Arbor Day comes early this year
Stories in Stone
The Columbia County Independent
We devoted our last column to the theory of evolution and the very old age of the Earth. The Darwin Theory has seen many successes since its publication in 1859. Recently news from our own region has given it another one. We would like to report on that today.
The story goes back almost as far as evolution. Back in the autumn of 1869 there was an awful storm which swept through the Catskills. Flooding on Schoharie Creek at the village of Gilboa, saw a lot of bank erosion and uncovered three beautiful fossil tree trunks. They were in Devonian age strata and thus were roughly 380 million years old. That was most exciting; this was the oldest fossil “forest” then known.
But this discovery left a very great mystery. Only the stumps of the trees had been found; what did the foliage look like? Nobody knew, and without foliage, nobody could tell what kind of trees they were. Geologists searched for the foliage but could not find any.
Decades passed and in the early 1920’s excavations began for the Schoharie Reservoir in the village of Gilboa. The village was razed to make way for the reservoir and people still, to this day, resent the destruction of their town. But another great scientific discovery was made. About 200 more tree stumps came to light in a quarry below the new dam. These were more of the “Gilboa trees.”
This time fossil foliage was found, but not attached to the tree trunks. Nobody could be sure that the foliage and the stumps belonged to the same trees. Winifred Goldring, the New York State Paleontologist, thought that they did, and she decided that the Gilboa trees were of a type called tree ferns. She was a fine artist. She drew a reconstruction of the trees as she thought they looked, and her picture became very well known.
But was she right? There were always nagging doubts. Decades passed by, and still nobody could find a specimen of the foliage attached to the rest of the tree. Such things are very rare. But everybody hoped that someday the great discovery would be made.
Well, we are happy, really happy, to report that the day has come. Last year, in an article published in Nature, one of the most prestigious journals of science, researchers reported the long-sought discovery. In a little quarry in the northeast Catskills and cluster of fossil tree trunks was uncovered. Two of the trunks had foliage still attached.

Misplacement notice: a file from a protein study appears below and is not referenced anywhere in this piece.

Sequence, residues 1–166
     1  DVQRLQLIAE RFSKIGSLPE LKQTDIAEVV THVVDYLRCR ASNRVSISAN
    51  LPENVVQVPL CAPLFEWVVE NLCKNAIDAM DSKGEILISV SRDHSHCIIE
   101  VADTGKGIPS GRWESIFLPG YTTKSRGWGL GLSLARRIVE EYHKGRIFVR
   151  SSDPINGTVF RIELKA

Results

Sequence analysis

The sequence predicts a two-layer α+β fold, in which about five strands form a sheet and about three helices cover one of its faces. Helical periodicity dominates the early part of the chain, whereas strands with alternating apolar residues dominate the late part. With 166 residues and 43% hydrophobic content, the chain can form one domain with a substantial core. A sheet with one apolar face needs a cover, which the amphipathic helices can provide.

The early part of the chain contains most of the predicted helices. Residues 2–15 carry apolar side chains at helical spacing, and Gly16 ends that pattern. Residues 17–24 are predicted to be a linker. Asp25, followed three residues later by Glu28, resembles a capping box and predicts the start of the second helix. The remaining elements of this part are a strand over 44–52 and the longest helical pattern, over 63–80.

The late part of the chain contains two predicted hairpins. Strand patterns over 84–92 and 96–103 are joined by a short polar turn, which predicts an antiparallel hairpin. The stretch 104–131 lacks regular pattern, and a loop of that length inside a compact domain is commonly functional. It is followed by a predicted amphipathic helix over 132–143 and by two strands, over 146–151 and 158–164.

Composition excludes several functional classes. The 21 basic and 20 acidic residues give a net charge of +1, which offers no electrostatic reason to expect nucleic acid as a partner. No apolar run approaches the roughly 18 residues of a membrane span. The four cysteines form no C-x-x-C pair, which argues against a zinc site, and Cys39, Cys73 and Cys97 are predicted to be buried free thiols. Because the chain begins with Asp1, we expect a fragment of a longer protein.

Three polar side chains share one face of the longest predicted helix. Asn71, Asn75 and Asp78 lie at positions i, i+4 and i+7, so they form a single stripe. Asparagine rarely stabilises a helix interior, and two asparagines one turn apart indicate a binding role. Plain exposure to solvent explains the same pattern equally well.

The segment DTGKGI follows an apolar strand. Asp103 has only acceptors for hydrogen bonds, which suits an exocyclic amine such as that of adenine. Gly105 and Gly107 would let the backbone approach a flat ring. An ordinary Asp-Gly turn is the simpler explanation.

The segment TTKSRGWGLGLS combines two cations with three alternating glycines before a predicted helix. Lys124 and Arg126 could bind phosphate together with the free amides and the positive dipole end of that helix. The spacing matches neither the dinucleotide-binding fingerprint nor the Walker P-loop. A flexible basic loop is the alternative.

Take a look at the illustration. Have you ever seen a tree like this? We think not. It is a very primitive tree which is what you would expect to find in something as old as the Devonian. There is no common name for it, so we are stuck calling it by its Latin scientific name – it’s a pseudosporochnalean cladoxylopsid!
This was a very primitive tree. It didn’t have a lot of things you associate with modern trees. There were no fruits or nuts, they didn’t even have seeds. They didn’t have leaves. They had structures that would only remind you of roots; they weren’t the real things. So, what did they have? They are a long slim trunk which had no branches as you would see on modern trees. They did have that foliage. Instead of leaves they had frond-like structures which must have been green and must have photosynthesized. The foliage also displayed spore producing structures. Spores, tiny black dots, were reproductive structures.
Were they ancestral to any modern trees or even related to modern plants? Maybe, or maybe not. There is some speculation that they might have been the ancestors of ferns – or gymnosperms. But it’s just as likely that they were just a strange form of ancient tree.
But they certainly are interesting. And we can take pride that such an important form of fossil has been discovered in our Catskills. They are an interesting testimony to the enormously complex evolutionary history of life that the fossil record presents to us.
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